Set Visit: 28 Weeks Later

In my report from THE HILLS HAVE EYES 2, I mentioned that it was my very first set visit, but I now realize that was a lie. Two days before we were taken over to Morocco to visit mutants, we got to spend a few days tiptoeing over the infected on the set of 28 WEEKS LATER. And since I love 28 DAYS LATER like a little boy loves a particularly fancy toy, I wandered through the set like a fat woman in a bakery.

The reporter posse was guided through gore factories, costume departments, one particularly impressive "log cabin" set ... heck, we even got to eat some fantastic "craft services" food along with the cast and crew -- inside a broken-down double-decker bus that now exists as a lunchroom at the 3 Mills Studio. Everywhere we went, "the infected" were there. Not to spoil the illusion or anything, but despite their blood-soaked eyes and gore-drenched clothes, these actors and stuntpeople were having a really good time.

It's hard work playing an "infected," believe me (because one of our reporter posse members got to do just that!), but it felt like the gorier the person, the more fun they were having. Actor / "movement coordinator" Paul Kasey described the 4-hour "infected" workshops in which sixty performers prepared to get ... nasty: "They came from different backgrounds: there were dancers, gymnasts, mime artists, circus performers ... so they all had a good idea of the movements, and then we just molded that into what was needed."

And these infected folks got to take center stage in the specific scene we were witnessing. No spoilers: The scene takes place in a cabin where Robert Carlyle, Catherine McCormack, and a few other survivors have been "discovered" by some feral lunatics -- and so they must escape. It'll probably make for a fairly small scene in the final cut, but the cast and crew worked their asses of for (at least) two days. When the shooting ended, we were offered several peeks of the footage, and it looked pretty darn ferocious to me.

Chillin' with the dead...

We then got to enjoy some "rough cut" footage of a helicopter sequence that, frankly, I can't wait to see finished and projected on a big screen. Let's just say it's pretty wild and not mention what happens when helicopter blades come into contact with "the infected." We were all given a nifty little ID badge that was used as a prop in the movie! **(Vie for one of your very own RIGHT HERE!)

To those who hold a special affection for Danny Boyle's original film, you'll be happy to know that not only was the director involved in the sequel (albeit in only a hands-on producer fashion), but also that original producer Andrew Macdonald and screenwriter Alex Garland also stayed close to the production. Producer Allon Reich was asked about "standing apart" from the original, and here's what he had to say: "We were very clear that we wanted it (the sequel) to be a stand-alone movie. If the "franchise" has any value, it's because the films will be very particular, very individual, so we wanted to find a story that would attract a proper filmmaker." The "stand-alone" story is what attracted the director (Juan Carlos Fresnadillo)," and when I asked him if he thought the "concept" was the star of the series, the producer definitely agreed.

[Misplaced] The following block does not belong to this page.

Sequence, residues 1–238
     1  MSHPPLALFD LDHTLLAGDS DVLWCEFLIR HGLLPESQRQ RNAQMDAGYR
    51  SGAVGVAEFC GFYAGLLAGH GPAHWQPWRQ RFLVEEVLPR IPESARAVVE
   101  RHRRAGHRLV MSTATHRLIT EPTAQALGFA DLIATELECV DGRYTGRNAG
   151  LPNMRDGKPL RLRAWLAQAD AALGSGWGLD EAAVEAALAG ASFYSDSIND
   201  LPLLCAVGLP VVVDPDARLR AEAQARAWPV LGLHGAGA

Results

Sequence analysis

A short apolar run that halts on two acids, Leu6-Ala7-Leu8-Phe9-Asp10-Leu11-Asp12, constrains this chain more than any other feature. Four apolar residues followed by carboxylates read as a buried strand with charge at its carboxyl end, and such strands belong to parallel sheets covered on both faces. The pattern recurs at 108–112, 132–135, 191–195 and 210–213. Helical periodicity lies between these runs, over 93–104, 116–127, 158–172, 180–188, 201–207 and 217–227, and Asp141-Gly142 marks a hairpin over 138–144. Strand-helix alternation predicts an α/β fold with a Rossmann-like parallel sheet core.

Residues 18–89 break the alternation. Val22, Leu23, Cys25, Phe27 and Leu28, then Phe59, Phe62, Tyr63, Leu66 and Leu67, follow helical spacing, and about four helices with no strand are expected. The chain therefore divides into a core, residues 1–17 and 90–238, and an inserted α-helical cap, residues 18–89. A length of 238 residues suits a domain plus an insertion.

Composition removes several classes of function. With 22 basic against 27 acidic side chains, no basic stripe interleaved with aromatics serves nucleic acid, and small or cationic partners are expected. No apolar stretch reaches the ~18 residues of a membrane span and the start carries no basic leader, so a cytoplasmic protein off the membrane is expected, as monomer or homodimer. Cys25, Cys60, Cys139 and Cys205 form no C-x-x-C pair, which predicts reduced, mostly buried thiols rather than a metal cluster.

The big treat of the trip was when we got to sit down with Andrew Macdonald, who is a longtime producing partner of Danny Boyle's. (Together they did SHALLOW GRAVE, TRAINSPOTTING, THE BEACH, 28 DAYS LATER, and SUNSHINE.) The producer mentioned being elated at how well-received DAYS was here in the States (both critically and financially) before he was asked how he'll try to "sell" the sequel this time around: "Obviously we're going to try to play up the sequel aspect in the poster art and the marketing, but also try to convince an audience that there's an actual dramatic story to tell here. That's why we wanted to hire this director. It's not like he's made five horror films. But he saw something in the early drafts: The 'family' aspect and how that family tries to get back together after the outbreak is over... I think that sort of 'family drama' is what makes it a bit different, at least different than the horror sequels that are just about people being chased all over the place."

Throughout the set visit, many kind words were offered to the folks at Fox Atomic, who apparently left the filmmakers alone to do their thing. Everyone we met on this trip, from the production and costume designers and the actors and stunt coordinators, were not just psyched to be working on a splatter-happy sequel -- there were several excited comments about, yep, the actual STORY of 28 WEEKS LATER. So while the sequel might not be the "out of nowhere" surprise hit that'll have all the horror-heads hoppin', it's good to know that the follow-up was pieced together deliberately and with a lot of care. Now all we have do to is wait until this coming Friday, May 11th, to see the goods!



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